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The Star Online: Entertainment: TV & Radio

Matt Groening spoofs Oscar shot, Homer gets the boot

Posted: 05 Mar 2014 07:30 PM PST

Find Bart and break Twitter.

ELLEN DeGeneres's now famous Academy Award selfie has been given the Simpsons treatment.

Homer being kicked out of shot is the obvious prank, but give the pic a second look – cartoonist Matt Groening challenges viewers to find the secret Bart.

"The ugly true story of that Oscar trademark selfie can finally be told!" he announced via Twitter . "Let's break Twitter again. Look for Bart."

Smartphone manufacturer Samsung was also pretty impressed with the award show's selfpic moment, reports Variety, after one of its handheld devices became central to the shot's capture.

The tech giant called it "a great surprise for everyone" and promised to donate US$3mil (RM9.8mil) to charitable causes. – AFP Relaxnews

Travis Fimmel: A model Viking

Posted: 04 Mar 2014 08:00 AM PST

Travis Fimmel plays a violent Viking on TV, but all the former Calvin Klein model would love to do is live a peaceful life on a farm.

IF actor Travis Fimmel looks familiar, it is probably because he was the face of Calvin Klein products at the beginning of his career.

He grew up on a cattle ranch in Australia and was on track to become a pro footballer in his country, but a broken leg ended that career path. He came to the United States to seek his fortune and proved he was more than a pretty face when he decided to leave modelling and get into acting.

The 34-year-old is now the lead in the History Channel's drama series Vikings as Ragnar Lothbrok, a Viking with vision who is ruthless at times but capable of compassion. He is also in production for the movie Warcraft.

You are totally believable as Ragnar. Was it easy to get into that character?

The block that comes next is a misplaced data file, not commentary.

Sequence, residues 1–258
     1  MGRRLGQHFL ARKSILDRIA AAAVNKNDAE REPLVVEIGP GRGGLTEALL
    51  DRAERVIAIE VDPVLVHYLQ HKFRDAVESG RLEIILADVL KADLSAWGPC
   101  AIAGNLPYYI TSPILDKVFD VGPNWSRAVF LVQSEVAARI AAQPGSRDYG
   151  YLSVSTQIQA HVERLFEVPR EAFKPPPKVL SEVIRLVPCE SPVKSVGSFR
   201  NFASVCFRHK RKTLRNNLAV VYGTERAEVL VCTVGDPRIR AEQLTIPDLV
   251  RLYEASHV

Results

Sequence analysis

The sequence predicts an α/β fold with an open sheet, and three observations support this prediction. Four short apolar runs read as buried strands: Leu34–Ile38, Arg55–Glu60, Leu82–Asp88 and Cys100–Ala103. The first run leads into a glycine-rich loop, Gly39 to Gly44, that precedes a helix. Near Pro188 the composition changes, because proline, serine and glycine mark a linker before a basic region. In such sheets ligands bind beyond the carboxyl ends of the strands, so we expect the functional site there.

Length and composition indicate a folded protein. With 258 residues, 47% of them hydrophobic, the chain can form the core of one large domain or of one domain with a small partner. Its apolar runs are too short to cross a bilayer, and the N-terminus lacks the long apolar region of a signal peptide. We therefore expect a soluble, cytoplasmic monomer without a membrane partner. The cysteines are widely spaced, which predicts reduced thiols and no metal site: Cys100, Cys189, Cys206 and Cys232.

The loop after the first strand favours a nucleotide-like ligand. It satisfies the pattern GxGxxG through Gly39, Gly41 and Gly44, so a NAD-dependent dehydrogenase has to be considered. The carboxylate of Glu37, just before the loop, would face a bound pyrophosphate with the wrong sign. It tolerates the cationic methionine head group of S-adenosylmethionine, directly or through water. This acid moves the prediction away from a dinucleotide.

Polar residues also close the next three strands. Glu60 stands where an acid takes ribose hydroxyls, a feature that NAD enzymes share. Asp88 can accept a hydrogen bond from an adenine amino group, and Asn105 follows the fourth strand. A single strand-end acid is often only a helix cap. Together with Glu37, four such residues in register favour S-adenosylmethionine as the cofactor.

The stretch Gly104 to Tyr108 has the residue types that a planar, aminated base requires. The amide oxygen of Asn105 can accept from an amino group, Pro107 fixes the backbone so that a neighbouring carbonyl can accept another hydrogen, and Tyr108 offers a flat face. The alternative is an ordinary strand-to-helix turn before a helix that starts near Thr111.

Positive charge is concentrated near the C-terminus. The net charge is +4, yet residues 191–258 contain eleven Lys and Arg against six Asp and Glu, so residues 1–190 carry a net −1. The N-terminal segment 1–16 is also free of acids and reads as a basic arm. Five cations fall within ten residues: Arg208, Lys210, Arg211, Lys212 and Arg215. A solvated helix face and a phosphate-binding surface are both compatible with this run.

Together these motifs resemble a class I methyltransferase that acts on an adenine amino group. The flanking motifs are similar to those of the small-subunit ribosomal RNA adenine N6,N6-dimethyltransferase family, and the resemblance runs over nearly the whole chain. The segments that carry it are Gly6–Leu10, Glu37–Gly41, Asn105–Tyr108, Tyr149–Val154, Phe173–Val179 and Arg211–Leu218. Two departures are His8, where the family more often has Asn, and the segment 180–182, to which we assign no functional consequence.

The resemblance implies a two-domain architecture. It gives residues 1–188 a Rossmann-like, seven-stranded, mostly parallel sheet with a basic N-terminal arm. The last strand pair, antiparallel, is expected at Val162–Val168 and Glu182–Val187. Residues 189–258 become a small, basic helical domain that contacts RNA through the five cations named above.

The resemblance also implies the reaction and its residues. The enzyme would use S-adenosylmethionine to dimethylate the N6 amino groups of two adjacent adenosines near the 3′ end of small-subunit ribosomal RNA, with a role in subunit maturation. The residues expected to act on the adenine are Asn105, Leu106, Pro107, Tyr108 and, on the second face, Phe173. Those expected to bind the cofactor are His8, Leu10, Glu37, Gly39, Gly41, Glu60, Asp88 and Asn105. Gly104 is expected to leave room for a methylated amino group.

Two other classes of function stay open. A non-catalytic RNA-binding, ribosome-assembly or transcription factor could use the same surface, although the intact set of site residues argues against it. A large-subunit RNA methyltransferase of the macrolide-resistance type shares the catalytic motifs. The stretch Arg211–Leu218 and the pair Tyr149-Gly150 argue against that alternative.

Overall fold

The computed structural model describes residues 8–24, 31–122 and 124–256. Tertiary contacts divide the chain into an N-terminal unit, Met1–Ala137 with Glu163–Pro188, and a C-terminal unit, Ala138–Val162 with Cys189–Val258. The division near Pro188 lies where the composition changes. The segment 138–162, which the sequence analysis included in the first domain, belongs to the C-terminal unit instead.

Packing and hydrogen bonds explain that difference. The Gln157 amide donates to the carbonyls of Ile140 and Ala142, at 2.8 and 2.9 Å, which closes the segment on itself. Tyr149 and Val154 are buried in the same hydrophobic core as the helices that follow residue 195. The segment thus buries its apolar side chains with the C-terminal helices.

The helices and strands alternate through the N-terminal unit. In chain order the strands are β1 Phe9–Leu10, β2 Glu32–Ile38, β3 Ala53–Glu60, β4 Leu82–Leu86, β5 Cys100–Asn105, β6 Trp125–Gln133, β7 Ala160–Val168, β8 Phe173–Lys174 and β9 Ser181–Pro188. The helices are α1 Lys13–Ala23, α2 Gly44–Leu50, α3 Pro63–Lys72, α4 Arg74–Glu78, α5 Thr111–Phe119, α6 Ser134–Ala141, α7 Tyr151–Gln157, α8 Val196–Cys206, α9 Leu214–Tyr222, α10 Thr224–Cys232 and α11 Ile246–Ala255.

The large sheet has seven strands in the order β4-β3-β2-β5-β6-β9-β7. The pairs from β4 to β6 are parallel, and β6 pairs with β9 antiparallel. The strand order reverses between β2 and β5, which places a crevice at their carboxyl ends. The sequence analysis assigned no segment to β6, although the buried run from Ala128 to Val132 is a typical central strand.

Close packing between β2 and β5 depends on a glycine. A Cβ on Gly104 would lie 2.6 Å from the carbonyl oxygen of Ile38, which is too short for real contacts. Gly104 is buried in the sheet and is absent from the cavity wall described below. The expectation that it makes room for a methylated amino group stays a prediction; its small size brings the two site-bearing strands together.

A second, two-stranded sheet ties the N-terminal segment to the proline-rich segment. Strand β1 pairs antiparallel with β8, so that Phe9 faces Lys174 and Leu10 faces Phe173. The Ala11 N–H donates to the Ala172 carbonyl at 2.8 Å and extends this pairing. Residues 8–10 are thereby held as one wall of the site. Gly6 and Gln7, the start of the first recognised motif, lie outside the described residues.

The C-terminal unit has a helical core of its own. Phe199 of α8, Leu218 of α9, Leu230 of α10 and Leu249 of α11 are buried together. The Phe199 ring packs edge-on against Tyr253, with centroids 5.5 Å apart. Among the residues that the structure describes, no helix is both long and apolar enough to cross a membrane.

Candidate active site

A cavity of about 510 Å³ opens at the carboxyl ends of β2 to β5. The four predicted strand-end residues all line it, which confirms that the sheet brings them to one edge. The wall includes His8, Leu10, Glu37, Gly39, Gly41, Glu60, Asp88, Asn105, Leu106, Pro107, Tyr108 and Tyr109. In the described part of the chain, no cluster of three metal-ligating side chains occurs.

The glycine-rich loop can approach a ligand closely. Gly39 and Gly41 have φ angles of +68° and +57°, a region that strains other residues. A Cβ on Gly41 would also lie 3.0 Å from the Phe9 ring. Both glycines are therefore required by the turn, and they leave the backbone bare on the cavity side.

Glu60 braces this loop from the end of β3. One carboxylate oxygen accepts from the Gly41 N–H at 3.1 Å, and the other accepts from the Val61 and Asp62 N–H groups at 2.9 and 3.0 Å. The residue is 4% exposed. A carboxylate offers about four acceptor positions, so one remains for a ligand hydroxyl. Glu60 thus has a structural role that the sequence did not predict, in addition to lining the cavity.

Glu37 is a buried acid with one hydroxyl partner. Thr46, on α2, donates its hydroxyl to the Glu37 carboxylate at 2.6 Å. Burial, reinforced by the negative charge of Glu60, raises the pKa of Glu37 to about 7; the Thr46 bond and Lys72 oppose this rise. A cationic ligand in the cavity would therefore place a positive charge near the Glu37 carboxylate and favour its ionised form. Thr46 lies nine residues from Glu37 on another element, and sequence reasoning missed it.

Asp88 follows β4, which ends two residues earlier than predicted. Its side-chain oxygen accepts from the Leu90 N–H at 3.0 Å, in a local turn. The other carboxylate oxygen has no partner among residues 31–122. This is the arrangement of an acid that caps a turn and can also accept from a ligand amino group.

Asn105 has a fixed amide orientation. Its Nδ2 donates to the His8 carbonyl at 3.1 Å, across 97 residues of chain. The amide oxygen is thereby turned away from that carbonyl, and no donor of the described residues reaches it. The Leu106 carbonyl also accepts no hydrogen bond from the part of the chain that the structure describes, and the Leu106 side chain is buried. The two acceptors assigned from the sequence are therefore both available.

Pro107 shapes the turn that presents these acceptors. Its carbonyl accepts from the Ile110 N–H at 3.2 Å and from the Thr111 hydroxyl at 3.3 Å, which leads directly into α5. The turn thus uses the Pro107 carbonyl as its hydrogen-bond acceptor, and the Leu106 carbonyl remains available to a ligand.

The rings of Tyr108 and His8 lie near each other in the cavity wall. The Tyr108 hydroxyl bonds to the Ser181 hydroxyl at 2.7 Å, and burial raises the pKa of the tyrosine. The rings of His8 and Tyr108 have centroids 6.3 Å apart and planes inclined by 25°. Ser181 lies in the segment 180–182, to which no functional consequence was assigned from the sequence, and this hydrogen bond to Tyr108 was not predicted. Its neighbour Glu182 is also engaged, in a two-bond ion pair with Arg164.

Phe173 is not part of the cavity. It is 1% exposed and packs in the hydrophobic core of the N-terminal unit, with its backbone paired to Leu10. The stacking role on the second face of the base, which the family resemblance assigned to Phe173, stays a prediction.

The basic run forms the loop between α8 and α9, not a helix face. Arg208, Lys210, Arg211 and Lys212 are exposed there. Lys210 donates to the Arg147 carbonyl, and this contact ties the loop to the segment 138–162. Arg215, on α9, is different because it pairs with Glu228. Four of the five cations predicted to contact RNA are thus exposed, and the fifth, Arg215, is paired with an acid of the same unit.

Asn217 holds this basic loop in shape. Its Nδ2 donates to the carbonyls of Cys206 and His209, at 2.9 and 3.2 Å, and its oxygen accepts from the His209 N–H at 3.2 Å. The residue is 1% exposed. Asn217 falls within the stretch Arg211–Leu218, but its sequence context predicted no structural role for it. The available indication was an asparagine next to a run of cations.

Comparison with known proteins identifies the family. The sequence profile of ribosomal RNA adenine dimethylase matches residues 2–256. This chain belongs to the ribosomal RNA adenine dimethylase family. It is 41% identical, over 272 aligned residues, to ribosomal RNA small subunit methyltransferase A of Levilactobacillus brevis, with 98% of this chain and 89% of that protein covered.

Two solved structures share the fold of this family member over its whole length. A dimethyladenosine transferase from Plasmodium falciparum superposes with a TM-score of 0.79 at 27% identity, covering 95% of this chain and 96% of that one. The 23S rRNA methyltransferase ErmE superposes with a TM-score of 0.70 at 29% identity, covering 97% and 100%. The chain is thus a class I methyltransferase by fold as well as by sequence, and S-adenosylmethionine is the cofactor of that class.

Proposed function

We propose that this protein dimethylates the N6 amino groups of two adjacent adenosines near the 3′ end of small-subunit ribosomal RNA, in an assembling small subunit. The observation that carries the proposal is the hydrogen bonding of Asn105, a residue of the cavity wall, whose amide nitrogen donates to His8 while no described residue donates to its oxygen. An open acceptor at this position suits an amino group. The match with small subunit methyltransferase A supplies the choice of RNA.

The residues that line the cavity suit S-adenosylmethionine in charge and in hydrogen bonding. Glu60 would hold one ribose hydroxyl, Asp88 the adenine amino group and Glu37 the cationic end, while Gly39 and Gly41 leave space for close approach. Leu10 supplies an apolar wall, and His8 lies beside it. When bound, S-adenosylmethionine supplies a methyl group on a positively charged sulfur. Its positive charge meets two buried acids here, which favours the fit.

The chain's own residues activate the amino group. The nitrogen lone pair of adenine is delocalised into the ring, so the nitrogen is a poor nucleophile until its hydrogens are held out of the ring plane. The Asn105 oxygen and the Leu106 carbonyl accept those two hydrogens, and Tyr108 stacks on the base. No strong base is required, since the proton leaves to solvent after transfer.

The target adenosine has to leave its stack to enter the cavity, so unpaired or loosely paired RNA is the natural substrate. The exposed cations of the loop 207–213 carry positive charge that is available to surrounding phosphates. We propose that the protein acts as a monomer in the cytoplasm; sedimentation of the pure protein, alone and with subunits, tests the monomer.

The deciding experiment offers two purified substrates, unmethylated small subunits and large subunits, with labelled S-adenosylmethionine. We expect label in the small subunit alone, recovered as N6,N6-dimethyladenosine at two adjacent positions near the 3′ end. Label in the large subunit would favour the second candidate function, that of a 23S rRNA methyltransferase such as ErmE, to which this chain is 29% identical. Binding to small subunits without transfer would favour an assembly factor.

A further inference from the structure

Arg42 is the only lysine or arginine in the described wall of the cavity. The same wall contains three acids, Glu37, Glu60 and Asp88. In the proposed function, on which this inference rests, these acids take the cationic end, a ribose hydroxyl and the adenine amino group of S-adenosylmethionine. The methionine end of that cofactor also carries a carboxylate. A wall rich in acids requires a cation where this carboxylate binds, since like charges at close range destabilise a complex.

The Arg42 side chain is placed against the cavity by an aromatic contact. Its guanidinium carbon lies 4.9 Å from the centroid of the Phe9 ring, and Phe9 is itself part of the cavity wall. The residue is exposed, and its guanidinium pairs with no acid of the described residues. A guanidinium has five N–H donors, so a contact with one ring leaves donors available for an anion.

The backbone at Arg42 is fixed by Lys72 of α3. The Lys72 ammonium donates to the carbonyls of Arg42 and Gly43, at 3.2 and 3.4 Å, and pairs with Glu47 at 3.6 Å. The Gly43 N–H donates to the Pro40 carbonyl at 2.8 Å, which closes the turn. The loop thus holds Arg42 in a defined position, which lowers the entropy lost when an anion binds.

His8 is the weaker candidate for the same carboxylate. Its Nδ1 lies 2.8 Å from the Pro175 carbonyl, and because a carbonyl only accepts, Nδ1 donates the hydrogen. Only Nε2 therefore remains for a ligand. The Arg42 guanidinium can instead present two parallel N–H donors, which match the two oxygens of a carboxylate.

Thank you for saying I was good in it. I don't know if you are right or not, but the scripts are so good. Michael Hirst, the creator, is so talented, you know? So when you get a script like that, it really helps to play a character like Ragnar.

Your resume of characters is very diverse. Are some more appealing to play than others?

I definitely just want them to be complex. I don't like the average person, you know what I mean? I want to play something more interesting. Once again, the scripts in Vikings are so good, the characters are so complex and everybody has their own voice. It's just been a great experience. It's beautiful shooting in Ireland. It's an amazing country.

When you get to wear costumes, particularly period costumes, does that help you get into character faster?

Yes, it certainly does, and everything – set decoration, costumes, the look of everybody – helps you get into character. The landscape in Ireland is just ... I've never been in such a beautiful place with the lakes and ocean and everything. And the boats.

Obviously they built the Viking boats you sail in for the show.

Yes, we really go out on the ocean with them. This season, we go out on them a lot more. It's a great experience being out there. You feel like a little kid playing dress-up.